Icons that don't have Unicode – what to do?

Things like "heart", "flag", "envelope" or "star" have their unicode. But things like "burger" menu, "share" or "tag" icons don't. What do I do? If I leave unicode empty, then at least Illustrator CS6 treats these glyphs as unknown and won't allow to change their family or weight via the menus.

I know that with San Francisco, Apple utilized Private Use area for some glyphs. Is that the solution? Is there a difference which numbers I use? Can I just start from U+F0000 and go forward?
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  • Thomas PhinneyThomas Phinney Posts: 1,685
    edited February 8
    You have several options:
    1. Use the Private Use Area for characters which are otherwise unencoded. This has the advantage that the glyphs are accessible in just about any app, although the convenience of that access may not be great.
    2. Make the special characters as unencoded alternates (via some OpenType feature) of characters that are encoded. Then you have to decide which character to make them an alternate of.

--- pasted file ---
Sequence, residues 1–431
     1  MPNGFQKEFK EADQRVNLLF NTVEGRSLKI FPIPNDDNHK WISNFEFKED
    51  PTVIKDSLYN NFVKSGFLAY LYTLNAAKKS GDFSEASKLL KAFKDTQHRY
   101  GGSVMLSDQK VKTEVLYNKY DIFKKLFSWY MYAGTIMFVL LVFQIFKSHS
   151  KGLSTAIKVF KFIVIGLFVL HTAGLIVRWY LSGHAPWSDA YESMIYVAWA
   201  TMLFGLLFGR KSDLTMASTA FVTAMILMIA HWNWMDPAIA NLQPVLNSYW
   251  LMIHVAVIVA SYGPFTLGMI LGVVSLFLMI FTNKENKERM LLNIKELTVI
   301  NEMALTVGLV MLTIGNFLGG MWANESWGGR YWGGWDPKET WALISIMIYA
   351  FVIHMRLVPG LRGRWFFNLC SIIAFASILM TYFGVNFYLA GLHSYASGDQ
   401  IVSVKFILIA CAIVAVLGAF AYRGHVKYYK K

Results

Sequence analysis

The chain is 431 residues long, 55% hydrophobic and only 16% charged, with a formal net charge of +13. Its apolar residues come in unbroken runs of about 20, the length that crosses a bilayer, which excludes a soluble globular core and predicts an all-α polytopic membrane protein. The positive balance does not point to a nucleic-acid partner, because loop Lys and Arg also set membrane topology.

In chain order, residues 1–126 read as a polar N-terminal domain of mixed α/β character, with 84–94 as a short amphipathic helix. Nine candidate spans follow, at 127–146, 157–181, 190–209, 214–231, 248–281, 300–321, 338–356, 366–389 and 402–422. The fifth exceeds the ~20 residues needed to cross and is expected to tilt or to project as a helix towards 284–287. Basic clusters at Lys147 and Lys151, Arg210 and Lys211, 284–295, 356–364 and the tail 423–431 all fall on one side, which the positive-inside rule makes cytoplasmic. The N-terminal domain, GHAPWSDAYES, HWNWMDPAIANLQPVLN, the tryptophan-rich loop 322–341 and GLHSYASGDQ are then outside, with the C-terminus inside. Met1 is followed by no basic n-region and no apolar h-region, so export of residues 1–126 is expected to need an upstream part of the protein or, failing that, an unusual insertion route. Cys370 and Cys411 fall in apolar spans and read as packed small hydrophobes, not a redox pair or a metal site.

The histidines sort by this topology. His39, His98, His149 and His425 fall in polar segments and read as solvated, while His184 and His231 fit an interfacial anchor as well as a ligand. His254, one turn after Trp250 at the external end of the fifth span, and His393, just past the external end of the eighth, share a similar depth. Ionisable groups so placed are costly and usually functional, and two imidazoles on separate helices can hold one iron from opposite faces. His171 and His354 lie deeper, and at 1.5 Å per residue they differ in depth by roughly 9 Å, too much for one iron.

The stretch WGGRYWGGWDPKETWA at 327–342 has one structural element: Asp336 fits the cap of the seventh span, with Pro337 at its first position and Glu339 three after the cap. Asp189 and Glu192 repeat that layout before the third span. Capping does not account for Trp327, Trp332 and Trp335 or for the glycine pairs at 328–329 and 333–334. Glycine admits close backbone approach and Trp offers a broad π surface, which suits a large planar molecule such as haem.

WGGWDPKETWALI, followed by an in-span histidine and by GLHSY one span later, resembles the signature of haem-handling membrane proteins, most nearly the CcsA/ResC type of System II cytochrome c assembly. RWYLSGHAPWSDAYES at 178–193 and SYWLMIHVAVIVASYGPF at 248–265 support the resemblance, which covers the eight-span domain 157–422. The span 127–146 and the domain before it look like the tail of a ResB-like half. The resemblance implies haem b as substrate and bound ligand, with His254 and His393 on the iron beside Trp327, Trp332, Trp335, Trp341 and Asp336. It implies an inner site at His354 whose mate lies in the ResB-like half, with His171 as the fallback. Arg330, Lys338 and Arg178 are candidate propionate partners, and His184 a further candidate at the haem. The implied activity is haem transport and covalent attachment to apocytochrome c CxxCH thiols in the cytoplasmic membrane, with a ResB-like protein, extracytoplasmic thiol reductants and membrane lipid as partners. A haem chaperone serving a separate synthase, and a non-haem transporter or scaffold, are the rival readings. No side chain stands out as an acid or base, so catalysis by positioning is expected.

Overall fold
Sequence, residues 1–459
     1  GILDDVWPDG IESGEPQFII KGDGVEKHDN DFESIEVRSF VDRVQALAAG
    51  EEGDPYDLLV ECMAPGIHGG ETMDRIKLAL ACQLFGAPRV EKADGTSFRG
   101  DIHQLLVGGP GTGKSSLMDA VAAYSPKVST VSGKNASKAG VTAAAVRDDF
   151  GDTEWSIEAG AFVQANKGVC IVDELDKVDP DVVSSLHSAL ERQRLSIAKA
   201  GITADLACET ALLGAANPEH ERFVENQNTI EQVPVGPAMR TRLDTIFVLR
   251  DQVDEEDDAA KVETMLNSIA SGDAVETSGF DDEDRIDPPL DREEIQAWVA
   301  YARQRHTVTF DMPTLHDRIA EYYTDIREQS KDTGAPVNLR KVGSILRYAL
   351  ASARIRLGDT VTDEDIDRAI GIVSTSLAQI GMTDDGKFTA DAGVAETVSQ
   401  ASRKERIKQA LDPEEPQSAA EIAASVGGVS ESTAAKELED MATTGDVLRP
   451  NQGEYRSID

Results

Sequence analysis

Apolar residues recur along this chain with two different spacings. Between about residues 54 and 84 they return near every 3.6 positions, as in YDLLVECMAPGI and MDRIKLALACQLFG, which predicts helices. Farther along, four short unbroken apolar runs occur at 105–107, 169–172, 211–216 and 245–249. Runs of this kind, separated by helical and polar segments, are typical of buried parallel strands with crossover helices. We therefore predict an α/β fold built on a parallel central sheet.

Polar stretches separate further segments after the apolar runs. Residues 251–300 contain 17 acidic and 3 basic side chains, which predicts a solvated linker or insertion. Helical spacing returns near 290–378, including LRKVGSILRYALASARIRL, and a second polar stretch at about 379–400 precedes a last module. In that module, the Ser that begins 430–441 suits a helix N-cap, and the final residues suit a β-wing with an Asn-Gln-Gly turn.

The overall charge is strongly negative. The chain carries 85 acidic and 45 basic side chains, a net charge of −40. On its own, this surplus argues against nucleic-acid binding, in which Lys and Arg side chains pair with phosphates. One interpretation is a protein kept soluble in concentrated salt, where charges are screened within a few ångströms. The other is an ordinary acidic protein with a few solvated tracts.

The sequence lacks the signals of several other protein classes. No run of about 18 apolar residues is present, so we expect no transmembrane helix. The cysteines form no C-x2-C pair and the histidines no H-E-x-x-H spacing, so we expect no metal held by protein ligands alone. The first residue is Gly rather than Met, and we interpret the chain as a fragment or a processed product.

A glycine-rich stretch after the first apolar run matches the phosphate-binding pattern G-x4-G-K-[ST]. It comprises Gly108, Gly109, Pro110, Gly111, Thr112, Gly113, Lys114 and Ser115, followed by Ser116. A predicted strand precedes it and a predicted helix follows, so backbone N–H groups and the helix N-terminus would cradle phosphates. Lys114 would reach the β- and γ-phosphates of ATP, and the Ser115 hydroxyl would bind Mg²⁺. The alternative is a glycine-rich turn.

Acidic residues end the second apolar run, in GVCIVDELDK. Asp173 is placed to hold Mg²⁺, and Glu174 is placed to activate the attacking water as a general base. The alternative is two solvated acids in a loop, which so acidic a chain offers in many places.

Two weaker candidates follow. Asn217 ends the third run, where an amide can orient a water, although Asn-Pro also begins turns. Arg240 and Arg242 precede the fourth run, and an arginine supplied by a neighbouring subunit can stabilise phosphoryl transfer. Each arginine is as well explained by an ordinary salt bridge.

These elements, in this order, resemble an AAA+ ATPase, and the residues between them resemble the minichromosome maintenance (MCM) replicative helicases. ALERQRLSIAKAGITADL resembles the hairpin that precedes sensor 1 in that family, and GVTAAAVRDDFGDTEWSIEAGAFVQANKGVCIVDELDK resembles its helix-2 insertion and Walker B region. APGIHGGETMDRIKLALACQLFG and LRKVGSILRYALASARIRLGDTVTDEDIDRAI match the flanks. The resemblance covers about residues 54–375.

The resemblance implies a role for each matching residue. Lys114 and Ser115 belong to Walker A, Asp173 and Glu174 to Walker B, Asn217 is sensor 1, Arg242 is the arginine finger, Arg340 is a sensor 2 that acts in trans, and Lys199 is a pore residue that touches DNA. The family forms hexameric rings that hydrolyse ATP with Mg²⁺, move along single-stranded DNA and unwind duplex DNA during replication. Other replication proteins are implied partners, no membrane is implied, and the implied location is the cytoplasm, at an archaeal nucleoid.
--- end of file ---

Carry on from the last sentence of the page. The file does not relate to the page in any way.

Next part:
3. Use some incorrect Unicode and encode them directly, in the wrong slots (like for example A-Z).
    4. If the entire font is such special characters, you could use the Microsoft "symbol font" approach, which is essentially a modified version of option #1, with some of the convenience of #3.
    In theory you could even do more than one of these options! This seems like an especially bad idea, however.

    The last time I made a symbol font it was ~ entirely characters without legitimate codepoints, and intended mostly for non-professionals, so I used option 3. If I was doing those again today I would go with #4.

    With approaches 2 and 3, you will get your characters turning into something wrong when the user changes fonts. Possibly with 1 (although quite possibly they’d just get notdefs, depending on fallback). Not sure about 4—that behavior may be dependent on the OS (or the app, in the case of Adobe apps).

  • Paul MillerPaul Miller Posts: 213
    edited February 8
    Most word processors and desktop publishing applications won't recognise characters without a codepoint assigned to them, the characters without codepoints can only be accessed through open type features.
    Characters which are not in Unicode standard may be assigned codepoints in one of the Private Use Areas, that is what they are for and this gets around that problem but it also has disadvantages.